Click on the cover to link to OUP's e-catalogue then turn to the biology section.

Interview Podcast with George Miller

Interview Podcast with George Miller
Click on the pic to link to the NOT A CHIMP podcast on Blackwell's Website

Preface to "Not A Chimp: The Hunt For The Genes That Make Us Human"

In many ways, this book is born out of frustration for a professional career in popular science television where ideas about comparative primate cognition, and the similarities and differences between us and our primate relatives, have continually circled me but constantly evaded my grasp in terms of the opportunity to transform them into science documentary. On the plus side, keeping a watching brief for over a quarter of a century on subjects like comparative animal cognition and evolution allows you to watch a great deal of water flow under the bridge. Fashions come and fashions go - specifically, perspectives on the similarity - or otherwise - of human and ape minds.

I remember the first Horizon science documentary about the chimpanzee Washoe, the great ape communicator, using American Sign Language to bridge the species barrier. And, later, Kanzi the bonobo jabbing his lexicon. These were the apes, as Sue Savage-Rumbaugh has put it, that were "on the brink of the human mind".

I remember when the pre-print of Machiavellian Intelligence, by Andrew Whiten and Dick Byrne, plopped onto the doormat of the BBC Antenna science series office in 1988. Suddenly primatology had become a great deal more exciting. Could primates, and especially higher primates like chimpanzees, really be as full of guile, as dastardly, as cunning, and as manipulative as the eponymous Florentine politician? Could they really reach deep into the minds of other individuals to see what they believed and what they wanted, and turn that information into deception?

I remember discussing primate cognition with a young Danny Povinelli, as we sat finger-feeding ourselves shrimp gumbo and new potatoes out of plastic Tupperware containers in a Lafayette restaurant surrounded by an alligator-infested moat, before returning to his kingdom - the New Iberia Research Centre - where the University of Louisiana had lured him back to his native deep South by turning a chimpanzee breeding centre for medical laboratory fodder into a primate cognition laboratory with one of the largest groups of captive chimpanzees in the country. He looked like a kid who had just been thrown the keys to the tuck shop.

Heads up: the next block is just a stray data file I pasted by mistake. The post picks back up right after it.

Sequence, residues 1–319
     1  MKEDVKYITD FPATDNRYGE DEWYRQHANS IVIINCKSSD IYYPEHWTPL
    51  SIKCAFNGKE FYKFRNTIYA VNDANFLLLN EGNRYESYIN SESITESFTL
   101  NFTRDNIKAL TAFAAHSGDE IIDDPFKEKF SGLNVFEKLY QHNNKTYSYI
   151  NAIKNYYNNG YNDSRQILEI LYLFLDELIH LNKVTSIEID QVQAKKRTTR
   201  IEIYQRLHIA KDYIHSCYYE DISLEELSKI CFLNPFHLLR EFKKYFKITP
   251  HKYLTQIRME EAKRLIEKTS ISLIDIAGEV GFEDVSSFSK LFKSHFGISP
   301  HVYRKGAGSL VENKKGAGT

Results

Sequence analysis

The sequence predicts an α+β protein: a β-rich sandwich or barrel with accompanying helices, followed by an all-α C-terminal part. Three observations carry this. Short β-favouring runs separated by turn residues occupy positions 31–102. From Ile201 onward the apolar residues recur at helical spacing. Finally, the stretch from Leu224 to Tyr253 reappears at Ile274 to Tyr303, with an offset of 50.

In those days Povinelli shared the zeitgeist - spread by Whiten's and Byrne's work, and started by Nick Humphrey and Alison Jolly before them - that, since the most exacting and potentially treacherous environment faced by chimpanzees and other primates was not physical, but the social environment of their peers, they had evolved a form of social cognition very much like our own, in order to deal with it. This was further elaborated into a full-blown "social brain" hypothesis by Robin Dunbar, who related brain neocortex size to social group size throughout the primates and up to man. Povinelli's early work reflects this optimism for the mental life of apes, but both ape-language and ape-cognition research was subjected to a cold douche of searching criticism during the 1990s, and misgivings set in regarding the effectiveness of the experiments that had been constructed to guage ape cognition. Now the worm has turned again, with a number of research groups emerging with bolder and bolder claims for the Machiavellian machinations of primate minds, only to be powerfully countered by the curmudgeonly skepticism, chiefly by Povinelli, that these researchers are merely projecting their mental life onto that of their subjects; that, rather in the frustrating manner of Zeno's arrow that could never quite reach its target because it continually halved its distance to it, no experiment constructed thus far can actually get inside the mind of a chimp and show us exactly what it does and doesn't know, or how much, about the minds of others or the way the physical world works. One influential part of the world of comparative animal cognition talks of a continuum between ape and human minds and shrinks the cognitive distance between us and chimps to almost negligible proportions, while another returns us to the unfashionable idea that human cognition is unique, among the primates, after all.